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13 Role of Urban-Rural Partnership in the Generation of Socio-Economic Success in Polish Metropolitan Areas

Authors: Jerzy Bański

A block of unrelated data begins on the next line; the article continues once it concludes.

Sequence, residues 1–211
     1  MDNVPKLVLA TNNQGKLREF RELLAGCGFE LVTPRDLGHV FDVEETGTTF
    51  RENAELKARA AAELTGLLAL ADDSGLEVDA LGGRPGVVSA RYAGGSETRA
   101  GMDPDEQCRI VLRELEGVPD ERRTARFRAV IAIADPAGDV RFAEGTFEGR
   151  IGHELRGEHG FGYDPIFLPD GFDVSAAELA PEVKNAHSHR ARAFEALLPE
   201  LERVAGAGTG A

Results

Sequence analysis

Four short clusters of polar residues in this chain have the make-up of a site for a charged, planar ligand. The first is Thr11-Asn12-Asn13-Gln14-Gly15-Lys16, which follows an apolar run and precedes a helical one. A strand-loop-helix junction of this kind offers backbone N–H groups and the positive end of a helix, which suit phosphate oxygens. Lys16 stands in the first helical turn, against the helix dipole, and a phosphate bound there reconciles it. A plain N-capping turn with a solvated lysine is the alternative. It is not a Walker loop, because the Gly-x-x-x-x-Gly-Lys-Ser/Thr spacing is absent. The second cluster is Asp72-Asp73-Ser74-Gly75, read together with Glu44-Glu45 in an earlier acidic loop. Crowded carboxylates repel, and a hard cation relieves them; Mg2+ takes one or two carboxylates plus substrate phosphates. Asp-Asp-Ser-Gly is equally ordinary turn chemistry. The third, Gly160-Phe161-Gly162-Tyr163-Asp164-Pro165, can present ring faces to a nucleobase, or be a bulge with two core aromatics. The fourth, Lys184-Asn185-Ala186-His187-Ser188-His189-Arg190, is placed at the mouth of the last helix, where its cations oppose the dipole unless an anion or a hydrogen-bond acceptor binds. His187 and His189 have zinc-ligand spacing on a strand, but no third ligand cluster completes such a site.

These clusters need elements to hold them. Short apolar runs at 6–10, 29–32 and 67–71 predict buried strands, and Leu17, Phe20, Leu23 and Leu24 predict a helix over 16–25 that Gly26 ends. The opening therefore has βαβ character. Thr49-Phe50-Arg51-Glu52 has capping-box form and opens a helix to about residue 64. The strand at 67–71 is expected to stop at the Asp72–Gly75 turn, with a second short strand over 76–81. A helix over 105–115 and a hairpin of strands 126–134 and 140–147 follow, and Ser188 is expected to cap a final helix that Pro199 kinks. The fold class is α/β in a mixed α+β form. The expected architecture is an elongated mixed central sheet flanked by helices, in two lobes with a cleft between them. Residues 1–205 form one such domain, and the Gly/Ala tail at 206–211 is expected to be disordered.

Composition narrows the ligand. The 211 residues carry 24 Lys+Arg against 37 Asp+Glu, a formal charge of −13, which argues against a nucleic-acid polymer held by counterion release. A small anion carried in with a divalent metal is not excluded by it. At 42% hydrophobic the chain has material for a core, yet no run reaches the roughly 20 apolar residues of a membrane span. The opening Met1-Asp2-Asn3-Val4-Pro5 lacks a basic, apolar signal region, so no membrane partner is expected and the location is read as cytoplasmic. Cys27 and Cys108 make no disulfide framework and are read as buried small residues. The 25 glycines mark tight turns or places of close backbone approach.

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The purpose of the paper is to describe the role of urban-rural partnership in social and economic development. The concept of urban-rural collaboration is relatively new and assumes the need to link large metropolitan areas with surrounding rural areas in a number of ways. It is strongly related to the existing concept of polycentric spatial development. At the European Union level, the first document to address the need for urban-rural partnerships was the European Spatial Development Perspective from 1999. The paper focuses on factors that generate social and economic success on examples of several metropolitan territories in Poland (Warsaw, Poznan, Wroclaw, Krakow). A survey focused on rural communes made it possible to assess key success factors (location, social and economic, technological and organizational) that could be later used to determine the right course of action in the area of urban-rural cooperation, with the desired outcome being effective metropolitan area development. The main challenges to urban-rural partnership are issues associated with spatial planning, infrastructure and public services. These are areas of the greatest conflict of interest, too. Any analysis of urban-rural cooperation in metropolitan areas really needs to focus on the unique nature of this type of relationship. This includes issues such as commuting to work in the urban core and vice versa, complementarity of technical infrastructure, and joint strategic planning. Other forms of cooperation should focus on the tourist and recreational aspects of areas surrounding the urban core.